Name:The Wichita State University Foundation
Assets Under Management: $259.7 Million (Source: Wichita State University Foundation on 6/30/2014)
Portfolio Insights: “The Wichita State University Foundation’s investment objective is to achieve, over the long term, an annualized total net return that meets or exceeds the sum of: 1) the established payout rate to support campus and student’s needs, 2) an administrative fee that partially funds the Foundation’s operating expenses, and 3) the current rate of inflation to ensure future buying power.
The WSU Foundation, through its nine-member Investment Committee, manages for consistent returns with a long-term view requiring careful attention to balancing the risks and rewards inherent in portfolio management. The portfolio is positioned through an asset allocation, which varies depending upon market conditions and seeks growth while managing and diversifying risk. With the assistance of the investment advisor and managers, we are confident in meeting the stated long-term objective.” (Source)
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1) The purpose of this Investment Policy Statement (hereinafter, “IPS”) is to establish a clear understanding of the investment objectives and philosophy for the Wichita State University Foundation (hereinafter, “Foundation”). This document will describe the standards approved by the Wichita State University Foundation Board of Directors (hereinafter, “Board”) to direct the prudent investment of its endowed funds in the pooled portfolio (hereinafter, “Portfolio”). It will be utilized by the Investment Committee (hereinafter, “Committee”) in monitoring investment performance, as well as, serve as a guideline for any investment manager retained.While shorter-term investment results will be monitored, adherence to a sound long-term investment policy, which balances short-term distributions with preservation of the real, inflation-adjusted value of assets, is crucial to the long-term success of the Foundation.
The primary investment objective of the Portfolio is to achieve an annualized total return (net of fees and expenses), through appreciation and income, equal to or greater than the rate of inflation (as measured by the broad, domestic Consumer Price Index) plus any spending and administrative expenses thus, at a minimum maintaining the payouts to campus, Wichita State University. (Source)
2) The Wichita State University Foundation closed its fiscal year 2013 with more than $22.5 million in total giving. That total included nearly $5 million in gifts from 19 estates.
The university says its College of Engineering garnered the most private support last year, largely because of a major gift from the estate of Velma Wallace. WSU received $3 million of Wallace’s estate gift in fiscal year 2013. Her total gift will be $6 million, but the university won’t receive the other half until later this fiscal year.
The WSU Foundation says it received record contributions for its Annual Fund for Excellence, KMUW 89.1, the WSU Alumni Association and the Shocker Athletic Scholarship Organization.
The total market value of the WSU Foundation’s endowment is valued at roughly $230 million, and nearly $7.5 million of that was added during fiscal year 2013. The foundation says its investment return last year was 8.8 percent, increasing its five-year return to 3 percent. (Source)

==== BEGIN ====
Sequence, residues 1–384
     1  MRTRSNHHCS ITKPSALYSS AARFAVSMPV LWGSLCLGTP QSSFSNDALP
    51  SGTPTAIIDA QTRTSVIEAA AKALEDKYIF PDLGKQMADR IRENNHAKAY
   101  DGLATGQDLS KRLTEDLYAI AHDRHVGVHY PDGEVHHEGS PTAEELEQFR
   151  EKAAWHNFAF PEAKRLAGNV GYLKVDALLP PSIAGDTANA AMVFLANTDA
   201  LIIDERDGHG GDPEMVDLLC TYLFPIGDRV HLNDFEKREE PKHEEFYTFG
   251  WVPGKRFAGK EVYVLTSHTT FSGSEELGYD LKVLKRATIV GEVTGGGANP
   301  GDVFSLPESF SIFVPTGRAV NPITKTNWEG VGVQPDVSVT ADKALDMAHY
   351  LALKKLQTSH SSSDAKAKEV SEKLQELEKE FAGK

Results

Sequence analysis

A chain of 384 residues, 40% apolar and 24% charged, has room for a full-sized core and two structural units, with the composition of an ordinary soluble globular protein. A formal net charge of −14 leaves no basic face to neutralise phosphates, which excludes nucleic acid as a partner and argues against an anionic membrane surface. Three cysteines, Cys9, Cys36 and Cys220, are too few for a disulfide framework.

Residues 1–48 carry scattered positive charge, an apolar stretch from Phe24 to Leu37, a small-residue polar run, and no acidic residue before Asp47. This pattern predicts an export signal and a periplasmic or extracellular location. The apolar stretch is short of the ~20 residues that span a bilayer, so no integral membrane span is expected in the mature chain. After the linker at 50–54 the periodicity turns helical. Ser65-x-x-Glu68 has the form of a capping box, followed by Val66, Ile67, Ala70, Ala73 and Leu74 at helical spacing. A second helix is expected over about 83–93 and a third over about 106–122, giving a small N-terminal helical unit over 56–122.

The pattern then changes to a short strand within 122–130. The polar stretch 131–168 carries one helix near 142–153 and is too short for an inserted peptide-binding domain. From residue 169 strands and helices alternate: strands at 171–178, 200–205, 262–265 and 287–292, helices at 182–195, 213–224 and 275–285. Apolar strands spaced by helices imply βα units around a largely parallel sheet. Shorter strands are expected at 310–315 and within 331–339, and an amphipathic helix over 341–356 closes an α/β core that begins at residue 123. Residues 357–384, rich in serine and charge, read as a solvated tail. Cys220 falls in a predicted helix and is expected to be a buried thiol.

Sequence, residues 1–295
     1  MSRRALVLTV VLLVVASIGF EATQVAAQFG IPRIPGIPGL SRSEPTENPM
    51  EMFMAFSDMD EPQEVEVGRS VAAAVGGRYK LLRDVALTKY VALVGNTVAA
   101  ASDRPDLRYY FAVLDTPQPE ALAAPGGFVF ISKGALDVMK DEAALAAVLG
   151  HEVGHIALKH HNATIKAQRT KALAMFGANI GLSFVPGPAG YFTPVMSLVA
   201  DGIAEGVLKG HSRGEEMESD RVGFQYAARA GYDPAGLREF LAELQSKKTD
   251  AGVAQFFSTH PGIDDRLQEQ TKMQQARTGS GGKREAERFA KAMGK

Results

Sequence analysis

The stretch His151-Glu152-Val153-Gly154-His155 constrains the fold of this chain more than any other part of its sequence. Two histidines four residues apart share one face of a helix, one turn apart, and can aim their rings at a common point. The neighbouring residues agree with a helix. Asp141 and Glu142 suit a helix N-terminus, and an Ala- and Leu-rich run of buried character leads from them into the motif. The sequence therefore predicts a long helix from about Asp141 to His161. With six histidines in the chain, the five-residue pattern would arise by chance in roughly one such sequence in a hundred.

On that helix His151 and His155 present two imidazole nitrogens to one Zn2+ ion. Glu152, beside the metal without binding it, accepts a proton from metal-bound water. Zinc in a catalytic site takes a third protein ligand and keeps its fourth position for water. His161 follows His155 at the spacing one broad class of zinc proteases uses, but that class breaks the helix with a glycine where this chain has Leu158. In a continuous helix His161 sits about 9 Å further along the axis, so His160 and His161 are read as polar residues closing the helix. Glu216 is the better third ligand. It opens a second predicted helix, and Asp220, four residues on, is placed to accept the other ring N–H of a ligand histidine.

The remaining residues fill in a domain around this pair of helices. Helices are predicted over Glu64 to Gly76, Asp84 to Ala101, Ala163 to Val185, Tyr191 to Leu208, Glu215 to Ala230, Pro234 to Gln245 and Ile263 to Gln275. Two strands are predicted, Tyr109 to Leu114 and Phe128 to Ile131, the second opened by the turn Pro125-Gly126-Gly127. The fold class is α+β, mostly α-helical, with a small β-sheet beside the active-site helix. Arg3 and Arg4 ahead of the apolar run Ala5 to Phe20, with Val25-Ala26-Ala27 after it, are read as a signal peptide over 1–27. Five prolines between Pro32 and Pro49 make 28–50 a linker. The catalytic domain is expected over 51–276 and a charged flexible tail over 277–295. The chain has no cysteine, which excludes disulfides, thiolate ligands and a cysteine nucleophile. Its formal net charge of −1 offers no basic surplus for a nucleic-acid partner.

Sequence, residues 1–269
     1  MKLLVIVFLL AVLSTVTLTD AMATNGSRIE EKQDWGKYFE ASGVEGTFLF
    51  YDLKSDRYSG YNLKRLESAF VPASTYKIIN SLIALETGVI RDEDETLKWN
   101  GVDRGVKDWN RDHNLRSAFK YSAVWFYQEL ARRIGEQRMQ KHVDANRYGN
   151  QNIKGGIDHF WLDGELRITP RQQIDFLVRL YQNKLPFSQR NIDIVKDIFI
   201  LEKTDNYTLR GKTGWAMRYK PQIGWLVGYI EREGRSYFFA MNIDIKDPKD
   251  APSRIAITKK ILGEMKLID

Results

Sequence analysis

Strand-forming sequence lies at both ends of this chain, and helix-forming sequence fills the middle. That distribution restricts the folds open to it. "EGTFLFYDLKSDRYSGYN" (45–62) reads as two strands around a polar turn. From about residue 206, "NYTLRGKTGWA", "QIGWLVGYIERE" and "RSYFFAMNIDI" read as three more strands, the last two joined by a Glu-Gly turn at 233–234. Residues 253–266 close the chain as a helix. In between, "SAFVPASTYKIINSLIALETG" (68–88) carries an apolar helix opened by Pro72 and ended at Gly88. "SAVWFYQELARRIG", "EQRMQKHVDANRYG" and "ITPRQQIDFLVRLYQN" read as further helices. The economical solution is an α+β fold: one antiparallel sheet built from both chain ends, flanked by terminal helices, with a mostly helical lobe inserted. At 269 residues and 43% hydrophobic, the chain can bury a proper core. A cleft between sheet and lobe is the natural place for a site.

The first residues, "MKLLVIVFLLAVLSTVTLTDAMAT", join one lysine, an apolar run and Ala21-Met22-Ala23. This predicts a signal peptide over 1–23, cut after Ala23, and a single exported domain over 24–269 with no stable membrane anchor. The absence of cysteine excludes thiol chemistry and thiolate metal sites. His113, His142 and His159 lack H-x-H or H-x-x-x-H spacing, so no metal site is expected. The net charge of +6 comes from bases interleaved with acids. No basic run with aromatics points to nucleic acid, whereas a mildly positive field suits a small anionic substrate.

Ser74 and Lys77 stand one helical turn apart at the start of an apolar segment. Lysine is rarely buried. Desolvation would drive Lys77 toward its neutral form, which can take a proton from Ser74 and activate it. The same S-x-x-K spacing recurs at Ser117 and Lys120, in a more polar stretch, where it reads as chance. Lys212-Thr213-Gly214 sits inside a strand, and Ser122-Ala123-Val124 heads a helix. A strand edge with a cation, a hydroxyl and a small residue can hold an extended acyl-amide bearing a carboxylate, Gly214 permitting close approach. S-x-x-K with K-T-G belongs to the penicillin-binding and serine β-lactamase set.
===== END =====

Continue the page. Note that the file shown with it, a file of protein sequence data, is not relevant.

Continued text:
3) Wichita State University is bolstering an endowment fund for engineering students, thanks to a $6 million gift from the estate of Velma and Dwane Wallace. The WSU Foundation says that more than half of the $6 million will be added to the Dwane L. and Velma L. Wallace Endowment Fund, first established in 1976.
Nearly 40 students, 10 of them incoming freshmen, received scholarships from that endowment during the 2012-2013 school year. WSU hasn’t yet decided whether to increase the number of scholarships or the dollar amount. The Wallaces were longtime benefactors of Wichita State, also making contributions the School of Music, the College of Education and WSU athletics.
Dwane Wallace led Cessna Aircraft Co. for more than 40 years. He died in 1989. His wife carried on their philanthropy until she died in 2012. (Source)
4) The endowment of Wichita State University Foundation was created a little more than a quarter-century ago, shortly after the U.S. was rocked by the Watergate scandal and Gerald Ford was sworn in as the new President. Despite its relatively young age, however, the fund has grown to $135 million in assets thanks to a diverse asset allocation policy and prudent management. Today, the fund is seeking even more diversity, as it is readying a soup-to-nuts review of all nine of its traditional portfolio managers and is in the midst of interviewing managers for a search for mid-cap growth and mid-cap value. The new managers, combined, will handle 15% of the fund. (Source)
5) The Wichita State University Foundation announced that it closed fiscal year 2014 with nearly $31 million in total giving, which includes cash, gifts-in-kind, pledges and new planned gifts from donors age 63 and older. Not including the new planned gifts, the subtotal for the fiscal year is $28,783,197.
“The 2014 fiscal year was the beginning of the quiet phase of the comprehensive campaign,” said Elizabeth King, WSU Foundation president and CEO. “By including the new planned gifts, we are following best practices of campaign counting at universities across the country.”
Planned gifts can include a gift from estates, retirement plan assets or naming WSU as the benefactor of life insurance policies — gifts that come to fruition after a person’s lifetime. (Source)